Statistical presentation and analysis of the current study were performed using the computer SPSS program (Statistical Package for the Social Science, Chicago). Categorical variables are presented as numbers and percentages. Continuous data are presented as mean ± standard deviations (SD) for normal distribution parameters or median (interquartile ranges, IQR) for non-normal distribution parameters. Student’s t-test or the Mann-Whitney U test was used for differences evaluation between two groups. Comparison between the tertiles was performed using one-way ANOVA. The Spearman correlation analysis was used to examine the correlation between TMAO and eGFR. Logistic regression analysis was performed to examine the odds ratio (OR) and 95% confidence interval (95% CI) of TMAO in HFpEF and in HFpEF with renal dysfunction. Adjustments were made for variables including: age, gender, systolic blood pressure (SBP), percentage of glycosylated hemoglobin (HbA1c%), Creatinine (Cr), triglyceride (TG), high-density lipoprotein (HDL) and low-density lipoprotein (LDL). Because the distributions of TMAO were skewed, they were log-transformed in logistic analysis. The area under the receiver-operating characteristic curve (AUC) was calculated to evaluate the diagnostic value of TMAO in discriminating HFpEF from healthy controls as well as HFpEF with renal dysfunction from those without. A two-tailed p value < 0.05 was considered statistically significant.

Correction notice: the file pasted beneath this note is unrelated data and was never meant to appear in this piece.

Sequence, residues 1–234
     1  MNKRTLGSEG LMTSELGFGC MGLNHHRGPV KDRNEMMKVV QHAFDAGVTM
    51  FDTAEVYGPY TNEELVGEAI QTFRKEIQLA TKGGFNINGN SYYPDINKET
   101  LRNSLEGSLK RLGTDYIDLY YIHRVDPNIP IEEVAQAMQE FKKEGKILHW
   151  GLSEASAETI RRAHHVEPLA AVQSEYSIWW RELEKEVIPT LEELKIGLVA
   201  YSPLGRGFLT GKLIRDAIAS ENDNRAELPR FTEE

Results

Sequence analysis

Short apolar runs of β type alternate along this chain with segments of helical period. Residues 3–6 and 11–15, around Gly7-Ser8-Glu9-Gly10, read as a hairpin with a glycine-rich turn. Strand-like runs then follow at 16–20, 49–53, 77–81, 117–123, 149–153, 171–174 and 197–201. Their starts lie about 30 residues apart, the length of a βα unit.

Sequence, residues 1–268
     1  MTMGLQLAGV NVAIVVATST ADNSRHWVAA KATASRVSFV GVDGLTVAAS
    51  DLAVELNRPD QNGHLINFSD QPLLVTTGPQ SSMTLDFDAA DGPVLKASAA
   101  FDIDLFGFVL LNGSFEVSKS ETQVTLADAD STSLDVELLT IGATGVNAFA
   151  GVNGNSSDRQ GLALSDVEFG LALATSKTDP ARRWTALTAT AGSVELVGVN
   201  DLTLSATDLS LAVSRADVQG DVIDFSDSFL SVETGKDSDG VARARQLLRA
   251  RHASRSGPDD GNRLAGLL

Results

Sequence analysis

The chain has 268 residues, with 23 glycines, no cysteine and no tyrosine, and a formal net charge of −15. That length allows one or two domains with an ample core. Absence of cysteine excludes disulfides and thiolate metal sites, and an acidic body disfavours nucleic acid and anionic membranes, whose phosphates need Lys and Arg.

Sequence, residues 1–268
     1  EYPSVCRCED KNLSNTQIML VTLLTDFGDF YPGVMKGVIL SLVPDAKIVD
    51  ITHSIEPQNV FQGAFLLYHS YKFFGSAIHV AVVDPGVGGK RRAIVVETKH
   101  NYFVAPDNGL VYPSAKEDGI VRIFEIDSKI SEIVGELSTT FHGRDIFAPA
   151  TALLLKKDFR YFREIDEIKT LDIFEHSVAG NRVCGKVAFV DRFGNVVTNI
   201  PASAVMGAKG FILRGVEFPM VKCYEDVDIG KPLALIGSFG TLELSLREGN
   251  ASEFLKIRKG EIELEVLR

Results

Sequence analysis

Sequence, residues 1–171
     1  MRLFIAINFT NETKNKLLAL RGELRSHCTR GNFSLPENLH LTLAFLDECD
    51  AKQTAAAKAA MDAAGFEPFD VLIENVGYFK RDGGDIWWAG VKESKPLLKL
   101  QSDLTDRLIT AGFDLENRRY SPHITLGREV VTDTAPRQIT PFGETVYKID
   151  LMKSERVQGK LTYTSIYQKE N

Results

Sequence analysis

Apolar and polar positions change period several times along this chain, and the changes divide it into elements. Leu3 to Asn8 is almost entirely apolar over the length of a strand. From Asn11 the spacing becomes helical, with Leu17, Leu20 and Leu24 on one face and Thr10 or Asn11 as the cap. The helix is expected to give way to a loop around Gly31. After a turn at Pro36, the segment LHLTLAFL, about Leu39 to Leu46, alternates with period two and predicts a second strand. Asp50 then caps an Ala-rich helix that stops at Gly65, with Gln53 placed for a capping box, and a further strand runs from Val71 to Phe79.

Patients characteristics

Of the 228 HFpEF patients and 96 healthy controls, the baseline patient characteristics are displayed in Table 1 as categorized by HFpEF and CON group. The mean age of HFpEF patients were older than healthy controls (62 ± 1 vs 56 ± 1, p < 0.01). 62.72% of HFpEF and 59.38% of CON groups were male. HFpEF patients exhibited higher SBP (135 ± 1 mmHg vs 127 ± 2 mmHg, p < 0.01), fasting glucose (Glu) (5.42(4.87–6.11) mmol/l vs 5(4.68–5.53) mmol/l, p < 0.01), HbA1c% (6.1(5.9–6.2) vs 5.7(5.5–5.7), p < 0.01), Cr (91.95(78.85–103.8) μmol/l vs 82.6(74.3–95.75) μmol/l, p < 0.01), TG (1.69(1.13–2.48) mmol/l vs 1.35(1–1.8) mmol/l, p < 0.01), LDL (2.72(2.22–3.49) mmol/l vs 2.55(2.04–3.01) mmol/l, p < 0.01) and white blood cell (WBC) (6.8(5.5–7.8) × 109/l vs 6.1(5–7.53) × 109/l, p < 0.01) levels than control group. While decreased HDL (1.04(0.87–1.22) mmol/l vs 1.12(0.94–1.43) mmol/l, p = 0.01) and eGFR (54.85(46.57–64.26) ml/min/1.73m2 vs 62.03(52.64–70.74) ml/min/1.73m2, p < 0.01) was observed in HFpEF patients compared with controls. We found no significant differences of height, weight, BMI, diastolic blood pressure (DBP), heart rate (HR), total cholesterol (TC), alanine aminotransferase (ALT), glutamic-pyruvic transaminase (AST), creatine kinase-MB (CK-MB) and percentage of ejection fraction (EF%) between different groups (p > 0.05) (Table 1).